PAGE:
2. People advise from their perspective. People who have created a life where everything is set and reliable typically don't take big chances and avoid change. They usually advise others to do the same: create a life that is safe, comfortable and predictable. Please don't misunderstand me. If you like that life, I recommend you to totally indulge yourself in it. But, if you want to take steps into unknown and unexplored directions, I recommend you to look at your fears and change some of them into wonderful opportunities to grow.

3. We often fear uncertainty and the unknown. If we believe we must have answers for every possible challenge before we can act, we will probably never make any substantial changes in our lives. For me the belief "I can make decisions in any instant and those decisions change the direction of where I am going" has helped me not to be fearful but to be excited about upcoming events. When people told me "ohh, but you don't know if it will work out with Mark" my attitude was: "if it doesn't work out I will do something else!"

4. Without action nothing happens! If you say you want to change things, but never take action, then perhaps you don't really want to change!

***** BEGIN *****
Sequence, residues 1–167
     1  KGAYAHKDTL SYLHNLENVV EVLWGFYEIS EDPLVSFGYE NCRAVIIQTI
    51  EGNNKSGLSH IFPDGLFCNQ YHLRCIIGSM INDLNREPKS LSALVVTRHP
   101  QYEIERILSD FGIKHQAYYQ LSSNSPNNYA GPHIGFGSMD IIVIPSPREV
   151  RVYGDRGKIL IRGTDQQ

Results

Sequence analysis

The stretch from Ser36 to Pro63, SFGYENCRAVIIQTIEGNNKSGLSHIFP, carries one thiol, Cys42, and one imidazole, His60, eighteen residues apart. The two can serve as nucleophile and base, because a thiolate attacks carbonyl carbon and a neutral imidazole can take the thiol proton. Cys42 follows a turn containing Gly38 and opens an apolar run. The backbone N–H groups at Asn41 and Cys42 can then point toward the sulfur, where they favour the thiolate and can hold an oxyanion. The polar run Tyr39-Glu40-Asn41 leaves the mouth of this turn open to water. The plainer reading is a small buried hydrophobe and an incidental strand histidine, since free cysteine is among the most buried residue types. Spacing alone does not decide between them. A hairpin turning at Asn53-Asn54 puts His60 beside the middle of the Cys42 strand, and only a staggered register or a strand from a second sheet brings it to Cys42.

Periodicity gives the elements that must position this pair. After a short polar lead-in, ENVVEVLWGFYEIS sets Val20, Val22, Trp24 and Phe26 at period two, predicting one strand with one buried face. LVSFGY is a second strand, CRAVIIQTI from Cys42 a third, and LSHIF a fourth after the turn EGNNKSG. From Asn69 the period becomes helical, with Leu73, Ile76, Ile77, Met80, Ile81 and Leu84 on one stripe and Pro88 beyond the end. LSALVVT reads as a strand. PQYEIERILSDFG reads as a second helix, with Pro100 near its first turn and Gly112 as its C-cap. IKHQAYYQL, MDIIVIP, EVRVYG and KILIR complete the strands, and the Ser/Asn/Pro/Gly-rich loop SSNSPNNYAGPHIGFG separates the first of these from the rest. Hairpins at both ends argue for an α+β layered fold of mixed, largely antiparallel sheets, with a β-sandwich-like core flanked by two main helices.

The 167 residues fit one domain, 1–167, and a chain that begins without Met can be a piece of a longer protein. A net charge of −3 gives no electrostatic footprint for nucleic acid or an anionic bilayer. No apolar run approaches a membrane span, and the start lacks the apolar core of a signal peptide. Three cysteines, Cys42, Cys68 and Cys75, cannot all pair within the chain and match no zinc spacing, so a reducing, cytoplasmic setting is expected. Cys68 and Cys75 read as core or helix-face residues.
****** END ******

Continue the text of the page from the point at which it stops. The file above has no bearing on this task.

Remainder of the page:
5. Every action has a consequence. I'm not saying that you should jump into anything without thinking. There are consequences to any action we take. I lost friends by changing my life the way I did, but I also gained many more new friends! I moved away from my family, but now I have chosen family that lives close. There are always consequences. The important thing is that we need not fear them.

6. Very few things are permanent. Even though there are consequence, very few of them are permanent. Once we have made a decision and taken action, we can always make another.

I believe that we can create what we want in life. And I believe that most of us want to create more out of life than to becoming an advising couch potato! So, I hope you become the biggest you that you can be. If you do not know how to do it, don't worry, take one step at the time and give me a call. I promise no couch potato advice!

Have a great weekend,

Iris

2 comments:

  1. Belated comment by one week....

    /u,t/u Iris for sharing a fascinating aspect of beliefs, (what it means to some to be a caring friend, to share their untrustingness and fears) and how you demonstrated your learning to lead yourself, and to listen to, a different tune or melody, and be an example and stimuli for 'couch potatoe' syndrome. ...smilingly... Larry

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  2. Lieve Iris,

    Ik heb een comment geschreven op je stukje maar ik kan het niet plaatsen, ik doe kennelijk iets verkeerd, wat weet ik niet, want het lukt me niet om het als comment erop te krijgen. Daarom stuur ik het je nu op met het verzoek dit als comment onder jouw stukje waarin je het hebt over Brian en mij, te plaatsen.
    Ik heb met veel liefde en plezier gekeken naar wat je hebt geschreven en ook wat je daarna hebt gechreven en ik herken zo veel.....

    Met veel liefde en respect voor de wijze waarop je bent gegroeid, voel ik me geraakt en dankbaar,


    XXXXXXXXXXXXXXXX Mary